Related Articles The Multisystem Effects of Simulated Agricultural Whole Body Vibration on Acute Sensorimotor, Physical, and Cognitive Performance. Ann Work Expo Health. 2018 Jun 14;: Authors: Yung M, Tennant LM, Milosavljevic S, Trask C Abstract Background: Exposure to whole body vibration (WBV) is common in construction, agriculture, mining, and transportation. There is strong epidemiological evidence linking WBV with adverse health outcomes in the long-term, including low back pain. Fortunately, WBV exposure guidelines to prevent long-term musculoskeletal disorders and discomfort exist. In the shorter-term, it has been speculated that occupational levels of WBV may lead to increased risk of vehicle accidents and falls during egress; however, the acute effects of different vibration intensities remain poorly understood and it is uncertain whether established standards protect the worker from injurious short-term effects. Objective: The aim of this study was to investigate the acute sensorimotor, physical, and cognitive effects of occupationally-relevant, simulated whole body vibration (WBV) at levels equivalent to international standard guideline thresholds for long-term discomfort and musculoskeletal disorder risk. Method: Eighteen participants were recruited to perform four, 60-min conditions: (i) Control-no vibration, (ii) Low vibration-equivalent to the exposure action value, (iii) Shock-transient impacts at 1-min intervals superimposed on the Low condition, and (iv) High vibration-equivalent to the exposure limit value. Whole body vibration was simulated using data based on field-collected accelerations experienced by rural workers while operating an all-terrain vehicle. This vibration signal was manipulated to achieve required intensities for each condition and simulated with a 6 degree-of-freedom hexapod platform. Before and after each condition, we collected: rating of perceived body discomfort, rating of perceived headache, postural sway, blink frequency, King-Devick test, and psychomotor vigilance task. Pre- and post-condition data in each condition were submitted to either a paired t-test (parametric) or Wilcoxon signed-rank test (non-parametric). To determine differences between conditions, each condition's post-condition data was normalized to its pre-condition value and entered as the dependent variable in a repeated measures analysis of variance. Results: All conditions, including Control, led to increased upper body discomfort when compared to pre-exposure baseline. The Low condition led to increased discomfort in seven body locations, headache (91% increase from baseline; t = -2.44, P = 0.03), and postural imbalance (53% increase from baseline; t = -2.88, P = 0.01), but the effect on cognitive functioning was less clear. Shock condition led to whole body discomfort, specifically at nine upper body and lower body locations. The High condition led to increased whole body discomfort at all 10 body locations, headache (154% increase from baseline; t = -2.91, P = 0.01), postural imbalance (61% increase from baseline; t = -2.57, P = 0.02), and decrements in vigilance (mean reaction time: 6% increase from baseline, t = -3.27, P = 0.005; Number of lapses: 100% increase from baseline, S = -42.5, P = 0.002). Conclusion: Although the number of pre-post condition effects increased with higher vibration intensity, these effects were not significantly different from sitting without vibration. Therefore, current guideline thresholds might not protect the worker from acute WBV effects. However, further research is needed to discern these effects from other sources of WBV. Based on this study, future WBV interventions and action controls should not only address vibration reduction, but also consider potential effects from prolonged sitting. PMID: 29905767 [PubMed - as supplied by publisher]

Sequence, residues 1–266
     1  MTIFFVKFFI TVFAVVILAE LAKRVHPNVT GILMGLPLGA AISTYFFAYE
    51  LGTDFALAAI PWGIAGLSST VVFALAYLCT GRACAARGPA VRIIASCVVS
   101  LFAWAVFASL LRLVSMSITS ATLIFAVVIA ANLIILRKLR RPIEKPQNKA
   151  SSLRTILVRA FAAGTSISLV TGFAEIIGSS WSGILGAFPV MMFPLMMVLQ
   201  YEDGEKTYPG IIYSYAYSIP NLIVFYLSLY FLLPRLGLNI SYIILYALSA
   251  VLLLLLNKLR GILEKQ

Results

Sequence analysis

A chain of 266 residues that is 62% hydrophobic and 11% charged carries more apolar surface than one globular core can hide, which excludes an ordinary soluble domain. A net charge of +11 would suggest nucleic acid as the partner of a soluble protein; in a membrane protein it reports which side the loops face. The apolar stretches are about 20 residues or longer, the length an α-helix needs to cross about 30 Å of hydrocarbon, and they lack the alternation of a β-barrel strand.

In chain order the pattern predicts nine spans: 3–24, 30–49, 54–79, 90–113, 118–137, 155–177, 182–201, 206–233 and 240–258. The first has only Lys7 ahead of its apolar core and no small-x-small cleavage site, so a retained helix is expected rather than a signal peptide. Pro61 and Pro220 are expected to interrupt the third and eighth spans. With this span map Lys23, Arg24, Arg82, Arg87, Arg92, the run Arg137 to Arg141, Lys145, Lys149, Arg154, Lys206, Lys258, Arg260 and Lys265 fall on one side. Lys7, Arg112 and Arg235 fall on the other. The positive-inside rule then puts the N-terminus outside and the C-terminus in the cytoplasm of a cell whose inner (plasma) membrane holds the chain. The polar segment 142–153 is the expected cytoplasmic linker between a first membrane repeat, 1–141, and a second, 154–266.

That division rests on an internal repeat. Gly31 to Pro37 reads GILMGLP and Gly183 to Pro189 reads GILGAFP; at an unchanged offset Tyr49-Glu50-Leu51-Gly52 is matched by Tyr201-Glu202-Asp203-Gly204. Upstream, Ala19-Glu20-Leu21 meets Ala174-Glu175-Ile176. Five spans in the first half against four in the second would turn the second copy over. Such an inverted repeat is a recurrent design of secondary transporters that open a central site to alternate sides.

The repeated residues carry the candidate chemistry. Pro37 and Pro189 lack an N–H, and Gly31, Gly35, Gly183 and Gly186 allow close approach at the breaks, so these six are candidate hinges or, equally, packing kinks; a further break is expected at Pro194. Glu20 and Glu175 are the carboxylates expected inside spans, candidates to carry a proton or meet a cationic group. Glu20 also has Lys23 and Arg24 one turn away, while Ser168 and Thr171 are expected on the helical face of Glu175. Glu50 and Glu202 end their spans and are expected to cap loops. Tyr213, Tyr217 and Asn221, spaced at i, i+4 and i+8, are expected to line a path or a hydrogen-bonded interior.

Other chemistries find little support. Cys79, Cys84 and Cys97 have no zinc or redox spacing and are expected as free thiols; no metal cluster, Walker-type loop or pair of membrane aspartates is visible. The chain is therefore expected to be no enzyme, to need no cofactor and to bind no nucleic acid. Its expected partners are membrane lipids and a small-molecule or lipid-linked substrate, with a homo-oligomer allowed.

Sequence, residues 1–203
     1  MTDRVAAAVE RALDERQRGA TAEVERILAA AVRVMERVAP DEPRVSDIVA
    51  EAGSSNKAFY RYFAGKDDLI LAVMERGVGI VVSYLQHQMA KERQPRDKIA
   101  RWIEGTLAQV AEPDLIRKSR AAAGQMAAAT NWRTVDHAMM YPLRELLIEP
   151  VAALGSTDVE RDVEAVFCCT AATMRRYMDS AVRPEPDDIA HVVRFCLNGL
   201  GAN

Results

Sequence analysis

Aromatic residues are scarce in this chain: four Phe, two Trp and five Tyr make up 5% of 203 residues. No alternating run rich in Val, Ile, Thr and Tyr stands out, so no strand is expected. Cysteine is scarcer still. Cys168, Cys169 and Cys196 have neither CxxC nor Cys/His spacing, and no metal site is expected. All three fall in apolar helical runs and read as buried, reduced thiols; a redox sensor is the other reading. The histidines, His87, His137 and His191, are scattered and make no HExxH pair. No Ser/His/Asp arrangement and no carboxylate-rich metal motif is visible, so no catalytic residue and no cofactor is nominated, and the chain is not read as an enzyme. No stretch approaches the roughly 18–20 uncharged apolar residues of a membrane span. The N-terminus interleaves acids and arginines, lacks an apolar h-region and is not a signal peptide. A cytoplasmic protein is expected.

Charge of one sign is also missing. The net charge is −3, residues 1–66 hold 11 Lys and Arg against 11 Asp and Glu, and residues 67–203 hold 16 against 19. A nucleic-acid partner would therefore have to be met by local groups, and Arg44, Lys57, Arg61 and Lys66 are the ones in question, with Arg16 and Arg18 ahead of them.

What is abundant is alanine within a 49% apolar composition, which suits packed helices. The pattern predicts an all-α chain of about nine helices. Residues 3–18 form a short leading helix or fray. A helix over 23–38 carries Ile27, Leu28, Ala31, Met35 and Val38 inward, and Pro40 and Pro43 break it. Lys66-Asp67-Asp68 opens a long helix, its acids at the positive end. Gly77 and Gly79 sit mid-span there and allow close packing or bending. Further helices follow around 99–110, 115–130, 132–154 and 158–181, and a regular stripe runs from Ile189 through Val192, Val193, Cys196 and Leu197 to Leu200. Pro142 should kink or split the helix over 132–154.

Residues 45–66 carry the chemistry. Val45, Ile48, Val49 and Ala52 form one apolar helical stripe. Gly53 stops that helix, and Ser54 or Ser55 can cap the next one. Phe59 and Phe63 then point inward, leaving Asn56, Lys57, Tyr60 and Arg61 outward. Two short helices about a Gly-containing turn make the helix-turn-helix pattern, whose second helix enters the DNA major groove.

Improved osseointegration with as-built electron beam melted textured implants and improved peri‑implant bone volume with whole body vibration.

Related Articles Improved osseointegration with as-built electron beam melted textured implants and improved peri‑implant bone volume with whole body vibration. Med Eng Phys. 2018 Jun 11;: Authors: Ruppert DS, Harrysson OLA, Marcellin-Little DJ, Dahners LE, Weinhold PS Abstract Transcutaneous osseointegrated prostheses provide stable connections to the skeleton while eliminating skin lesions experienced with socket prosthetics. Additive manufacturing can create custom textured implants capable of interfacing with amputees' residual bones. Our objective was to compare osseointegration of textured surface implants made by electron beam melting (EBM), an additive manufacturing process, to machine threaded implants. Whole body vibration was investigated to accelerate osseointegration. Two cohorts of Sprague-Dawley rats received bilateral, titanium implants (EBM vs. threaded) in their tibiae. One cohort comprising five groups vibrated at 45 Hz: 0.0 (control), 0.15, 0.3, 0.6 or 1.2 g was followed for six weeks. Osseointegration was evaluated through torsional testing and bone volume fraction (BV/TV). A second cohort, divided into two groups (control and 0.6 g), was followed for 24 days and evaluated for resonant frequency, bone-implant contact (BIC) and fluorochrome labeling. The EBM textured implants exhibited significantly improved mechanical stability independent of vibration, highlighting the benefits of using EBM to produce custom textured surfaces. Bone formation on and around the EBM textured implants increased compared to machined implants, as seen by BIC and fluorescence. No difference in torque, BIC or fluorescence among vibration levels was detected. BV/TV significantly increased at 0.6 g compared to control for both implant types. PMID: 29903535 [PubMed - as supplied by publisher]